Culturally Responsive Teaching and Training for Pre-Service Special Educators in Higher Education

Culturally Responsive Teaching and Training for Pre-Service Special Educators in Higher Education

York Williams (West Chester University, USA)
Copyright: © 2020 |Pages: 15
DOI: 10.4018/978-1-7998-3331-4.ch001
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In the field of public education, special education teacher preparation is one of the most critical areas of teacher preparation in higher education, given the mandate of FAPE under the IDEA. Additionally, teacher preparation programming that provides pre-service teachers with the knowledge, skills, and clinical experiences that can meet the learning-diverse needs of students is of paramount importance. However, teacher preparation programs often focus on meeting accreditation standards, job placement and service opportunities while leaving the teaching of diversity in special education as an add-on to be fulfilled by service departments, humanities courses, and/or social science electives. In order for universities and institutions of higher education to fulfill its mandate of teacher-training in special education, with a focus beyond the disability, they must adopt a curricula revision that includes culturally responsive teaching and diversity.
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Training special education pre-service teachers at the University level requires a framework whereby students with disabilities are viewed as learning-diverse through a culturally responsive and inclusive lens. Pre-service special education teachers must adopt a posture of critical understanding, appreciation for difference and a culture of inclusiveness that engenders the family, community and the unique learning and behavioral needs of the students that they will teach (Bleicher, 2011; Robertson, McFarland, Sciuchetti, & Garcia, 2017; Blanchett, Klingner, & Harry, 2009). However, universities often remove culturally responsive teaching from special education teaching programs assuming that the Individual Education Plan (IEP) and related services under the Individual Disabilities Education Act (IDEA, 2004) will drive instruction (Deno et al., 2009; Fuchs et al, 2003).

Björn, Aro, Koponen, Fuchs and Fuchs (2016) suggest that special education has a long history of seeking its own place within education systems and this impacts how teachers are trained. The authors maintain that there is a need to look into its many roles within school systems since as we move forward as a more diverse and inclusive world – we must also develop support service frameworks for all students. Hence, policymakers and people working in the field of education must support students within our ever growing and diverse student and parent population. At a macro level of education, and on an ideological level, all students should be able to study and have access to highly flexible support frameworks in their local schools and in their natural learning environments (p. 1).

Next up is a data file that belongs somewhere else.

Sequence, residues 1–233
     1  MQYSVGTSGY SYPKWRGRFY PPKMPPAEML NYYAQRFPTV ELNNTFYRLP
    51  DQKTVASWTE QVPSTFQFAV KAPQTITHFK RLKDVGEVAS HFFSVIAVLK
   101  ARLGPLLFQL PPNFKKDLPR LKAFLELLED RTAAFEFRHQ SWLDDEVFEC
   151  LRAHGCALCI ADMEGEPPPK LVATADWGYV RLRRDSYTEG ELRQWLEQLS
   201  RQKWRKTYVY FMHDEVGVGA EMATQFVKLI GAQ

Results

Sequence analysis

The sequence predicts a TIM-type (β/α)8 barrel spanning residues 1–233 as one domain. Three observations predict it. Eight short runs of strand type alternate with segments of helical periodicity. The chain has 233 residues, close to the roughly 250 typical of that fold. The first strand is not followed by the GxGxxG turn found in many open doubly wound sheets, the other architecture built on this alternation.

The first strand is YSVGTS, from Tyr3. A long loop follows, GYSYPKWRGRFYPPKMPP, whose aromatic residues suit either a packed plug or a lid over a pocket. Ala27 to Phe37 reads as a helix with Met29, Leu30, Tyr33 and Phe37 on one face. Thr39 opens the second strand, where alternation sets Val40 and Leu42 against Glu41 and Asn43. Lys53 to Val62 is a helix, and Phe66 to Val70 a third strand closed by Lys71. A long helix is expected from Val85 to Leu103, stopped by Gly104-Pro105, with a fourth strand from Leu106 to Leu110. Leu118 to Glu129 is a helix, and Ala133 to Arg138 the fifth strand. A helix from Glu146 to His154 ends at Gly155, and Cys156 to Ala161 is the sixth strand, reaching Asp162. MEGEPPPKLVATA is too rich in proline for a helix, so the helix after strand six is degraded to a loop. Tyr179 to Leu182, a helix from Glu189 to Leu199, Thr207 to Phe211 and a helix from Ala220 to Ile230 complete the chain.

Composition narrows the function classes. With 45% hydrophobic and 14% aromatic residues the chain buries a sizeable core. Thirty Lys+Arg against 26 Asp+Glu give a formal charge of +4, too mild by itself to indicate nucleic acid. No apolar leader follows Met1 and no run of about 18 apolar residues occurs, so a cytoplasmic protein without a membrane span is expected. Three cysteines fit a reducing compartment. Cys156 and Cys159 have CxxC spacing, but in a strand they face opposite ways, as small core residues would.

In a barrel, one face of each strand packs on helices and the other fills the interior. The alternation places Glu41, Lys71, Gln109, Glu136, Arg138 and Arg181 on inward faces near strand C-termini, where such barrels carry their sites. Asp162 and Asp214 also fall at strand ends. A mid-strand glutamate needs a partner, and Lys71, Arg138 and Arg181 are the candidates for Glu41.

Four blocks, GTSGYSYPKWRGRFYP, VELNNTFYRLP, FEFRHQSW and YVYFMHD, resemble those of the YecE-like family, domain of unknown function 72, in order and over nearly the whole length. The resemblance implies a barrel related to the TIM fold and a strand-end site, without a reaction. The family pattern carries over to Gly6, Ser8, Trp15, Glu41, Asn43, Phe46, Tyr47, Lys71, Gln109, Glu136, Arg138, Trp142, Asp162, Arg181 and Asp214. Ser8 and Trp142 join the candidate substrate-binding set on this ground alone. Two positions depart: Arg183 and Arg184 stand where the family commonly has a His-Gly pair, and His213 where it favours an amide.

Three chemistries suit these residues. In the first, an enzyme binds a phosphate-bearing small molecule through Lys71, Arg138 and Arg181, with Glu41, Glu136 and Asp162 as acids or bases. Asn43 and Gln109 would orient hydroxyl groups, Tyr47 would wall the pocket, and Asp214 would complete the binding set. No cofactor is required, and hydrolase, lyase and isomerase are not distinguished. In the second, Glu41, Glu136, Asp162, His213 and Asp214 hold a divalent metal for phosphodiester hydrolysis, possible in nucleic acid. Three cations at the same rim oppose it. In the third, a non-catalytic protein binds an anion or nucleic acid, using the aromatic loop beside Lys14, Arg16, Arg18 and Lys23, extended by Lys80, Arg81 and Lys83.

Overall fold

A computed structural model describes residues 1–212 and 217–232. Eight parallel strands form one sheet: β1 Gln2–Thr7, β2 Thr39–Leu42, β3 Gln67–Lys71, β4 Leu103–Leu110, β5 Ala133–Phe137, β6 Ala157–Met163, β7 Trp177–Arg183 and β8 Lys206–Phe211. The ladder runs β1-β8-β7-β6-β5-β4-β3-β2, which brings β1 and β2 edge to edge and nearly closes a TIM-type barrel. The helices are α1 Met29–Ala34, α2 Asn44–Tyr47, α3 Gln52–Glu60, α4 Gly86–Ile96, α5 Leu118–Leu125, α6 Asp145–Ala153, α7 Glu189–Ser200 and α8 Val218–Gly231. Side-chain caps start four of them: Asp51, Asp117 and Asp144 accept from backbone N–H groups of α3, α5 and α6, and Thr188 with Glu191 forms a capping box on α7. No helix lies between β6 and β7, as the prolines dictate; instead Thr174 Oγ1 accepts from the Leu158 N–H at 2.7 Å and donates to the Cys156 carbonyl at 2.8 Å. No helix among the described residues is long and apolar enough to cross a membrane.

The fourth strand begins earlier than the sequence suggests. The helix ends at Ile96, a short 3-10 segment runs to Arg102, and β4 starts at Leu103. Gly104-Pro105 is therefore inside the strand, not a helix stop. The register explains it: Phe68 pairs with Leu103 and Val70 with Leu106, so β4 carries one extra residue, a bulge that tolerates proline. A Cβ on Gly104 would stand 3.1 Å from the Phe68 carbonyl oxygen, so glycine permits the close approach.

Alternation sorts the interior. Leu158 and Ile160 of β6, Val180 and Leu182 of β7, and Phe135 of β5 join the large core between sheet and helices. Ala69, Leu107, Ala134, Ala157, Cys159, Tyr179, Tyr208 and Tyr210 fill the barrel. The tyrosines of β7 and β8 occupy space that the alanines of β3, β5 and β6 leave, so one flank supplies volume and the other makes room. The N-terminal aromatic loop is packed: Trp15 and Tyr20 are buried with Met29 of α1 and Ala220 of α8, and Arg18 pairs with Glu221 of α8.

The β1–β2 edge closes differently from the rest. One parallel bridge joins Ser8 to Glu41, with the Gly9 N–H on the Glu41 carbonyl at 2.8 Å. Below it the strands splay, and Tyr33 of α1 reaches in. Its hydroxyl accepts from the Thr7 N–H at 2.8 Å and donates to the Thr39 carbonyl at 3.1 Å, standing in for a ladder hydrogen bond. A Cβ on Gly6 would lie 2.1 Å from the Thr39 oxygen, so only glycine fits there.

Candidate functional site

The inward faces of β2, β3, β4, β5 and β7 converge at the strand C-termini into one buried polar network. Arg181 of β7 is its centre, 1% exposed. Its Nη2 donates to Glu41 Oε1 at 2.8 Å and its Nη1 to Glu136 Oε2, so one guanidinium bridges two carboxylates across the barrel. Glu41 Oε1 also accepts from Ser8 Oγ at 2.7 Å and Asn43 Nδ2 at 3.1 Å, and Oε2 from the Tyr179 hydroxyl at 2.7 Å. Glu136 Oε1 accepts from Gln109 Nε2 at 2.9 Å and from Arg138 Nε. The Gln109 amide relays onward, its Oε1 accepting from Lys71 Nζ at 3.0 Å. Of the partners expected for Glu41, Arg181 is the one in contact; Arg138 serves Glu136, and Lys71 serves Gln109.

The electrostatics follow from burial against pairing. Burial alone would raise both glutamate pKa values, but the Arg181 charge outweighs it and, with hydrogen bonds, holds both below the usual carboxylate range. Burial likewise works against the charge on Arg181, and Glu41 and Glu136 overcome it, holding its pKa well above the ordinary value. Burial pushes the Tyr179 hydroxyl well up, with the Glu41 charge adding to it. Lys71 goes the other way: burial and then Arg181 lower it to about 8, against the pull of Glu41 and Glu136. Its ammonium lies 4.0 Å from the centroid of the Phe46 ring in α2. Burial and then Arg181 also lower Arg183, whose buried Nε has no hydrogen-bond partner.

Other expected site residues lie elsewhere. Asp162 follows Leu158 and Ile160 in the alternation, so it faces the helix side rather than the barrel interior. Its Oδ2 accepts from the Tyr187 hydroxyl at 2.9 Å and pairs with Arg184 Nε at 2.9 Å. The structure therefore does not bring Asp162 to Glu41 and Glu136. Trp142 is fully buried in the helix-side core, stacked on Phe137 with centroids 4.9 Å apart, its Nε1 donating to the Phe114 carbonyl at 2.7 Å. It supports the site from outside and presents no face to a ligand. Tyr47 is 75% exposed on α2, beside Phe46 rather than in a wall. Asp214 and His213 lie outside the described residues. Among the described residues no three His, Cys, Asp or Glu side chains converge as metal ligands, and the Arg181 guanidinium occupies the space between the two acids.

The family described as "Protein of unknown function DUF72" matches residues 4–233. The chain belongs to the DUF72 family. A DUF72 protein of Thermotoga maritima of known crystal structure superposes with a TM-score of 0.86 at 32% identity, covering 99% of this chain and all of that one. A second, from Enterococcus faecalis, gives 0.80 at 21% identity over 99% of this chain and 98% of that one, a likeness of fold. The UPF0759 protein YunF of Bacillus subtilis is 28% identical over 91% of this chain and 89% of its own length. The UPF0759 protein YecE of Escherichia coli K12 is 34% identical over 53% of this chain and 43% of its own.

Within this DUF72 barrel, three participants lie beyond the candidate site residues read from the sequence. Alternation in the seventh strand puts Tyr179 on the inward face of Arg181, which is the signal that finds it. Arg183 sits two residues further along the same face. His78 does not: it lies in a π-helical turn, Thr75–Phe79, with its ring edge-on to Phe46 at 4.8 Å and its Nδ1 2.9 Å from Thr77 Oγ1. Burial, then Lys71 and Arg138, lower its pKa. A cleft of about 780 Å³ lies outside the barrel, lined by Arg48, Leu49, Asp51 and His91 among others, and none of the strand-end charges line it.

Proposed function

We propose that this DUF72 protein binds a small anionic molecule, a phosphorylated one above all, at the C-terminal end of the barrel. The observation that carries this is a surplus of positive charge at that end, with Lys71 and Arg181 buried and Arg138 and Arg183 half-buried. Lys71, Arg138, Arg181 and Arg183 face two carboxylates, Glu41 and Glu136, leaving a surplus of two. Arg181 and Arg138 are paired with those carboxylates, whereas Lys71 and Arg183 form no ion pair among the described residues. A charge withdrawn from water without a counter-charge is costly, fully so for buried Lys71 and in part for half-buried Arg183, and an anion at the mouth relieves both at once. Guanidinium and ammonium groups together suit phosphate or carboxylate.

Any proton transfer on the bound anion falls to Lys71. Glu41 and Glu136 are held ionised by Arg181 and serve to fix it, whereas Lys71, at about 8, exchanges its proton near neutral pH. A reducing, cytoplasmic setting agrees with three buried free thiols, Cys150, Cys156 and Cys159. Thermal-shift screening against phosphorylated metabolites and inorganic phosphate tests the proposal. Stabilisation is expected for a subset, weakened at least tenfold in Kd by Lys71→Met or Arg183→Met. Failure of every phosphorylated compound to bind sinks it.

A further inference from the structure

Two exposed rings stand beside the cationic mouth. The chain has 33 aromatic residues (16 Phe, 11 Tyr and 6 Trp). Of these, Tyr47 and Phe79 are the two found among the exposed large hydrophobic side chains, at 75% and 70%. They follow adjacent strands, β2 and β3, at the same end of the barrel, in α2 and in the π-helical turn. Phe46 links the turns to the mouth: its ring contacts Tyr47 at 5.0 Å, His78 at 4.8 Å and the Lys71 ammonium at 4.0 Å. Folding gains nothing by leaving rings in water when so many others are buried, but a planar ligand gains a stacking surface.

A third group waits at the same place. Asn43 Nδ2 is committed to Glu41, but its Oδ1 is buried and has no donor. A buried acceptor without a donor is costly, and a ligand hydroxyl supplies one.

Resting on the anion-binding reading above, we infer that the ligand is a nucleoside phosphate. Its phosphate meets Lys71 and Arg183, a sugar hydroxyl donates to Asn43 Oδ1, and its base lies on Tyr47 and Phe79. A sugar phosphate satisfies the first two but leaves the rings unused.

Scott (2017) maintains that teaching pre-service special education teachers early behavior management and modification strategies is also important. However, universities often focus on text-book strategies that are not all inclusive of the population of students and communities that require out-of-the-box behavior management interventions. Culturally responsive behavior management, inclusive of home, community and across-school collaboration is key in minimizing the behavior gaps that impact students with special education needs who are also from diverse backgrounds. Scott (2017) maintains that using an evidence-based practice approach in K-12 classrooms is important. Evidence-based practices (EBP) are characteristically defined as using data to guide decisions about selecting, using, and assessing the effects of interventions on student learning and outcomes.

Kurniawati, De Boer, Minnaert and Mangunsong (2017) suggest that a number of researchers have revealed that teachers play a significant role in educating students with special education needs. Globally teacher’s roles are reflective through teachers’ attitudes that are important in relation to effective inclusive education. Teachers who are favorably disposed at the pre-service teaching level to inclusive education tend to be more willing to use effective teaching strategies, whereas teachers with less positive attitudes can undermine the efforts of inclusion without being aware of the importance of culturally responsive teaching (Gal, Schreur, & Engel-Yeger, 2010). Research on teachers’ attitudes, however, has shown mixed results. Kurniawati (et al., 2017) also found that in practice, teachers in that study had serious reservations about inclusive education. It has been argued that such attitudes relate to teachers’ lack of competence and confidence in teaching students with various types of special needs.

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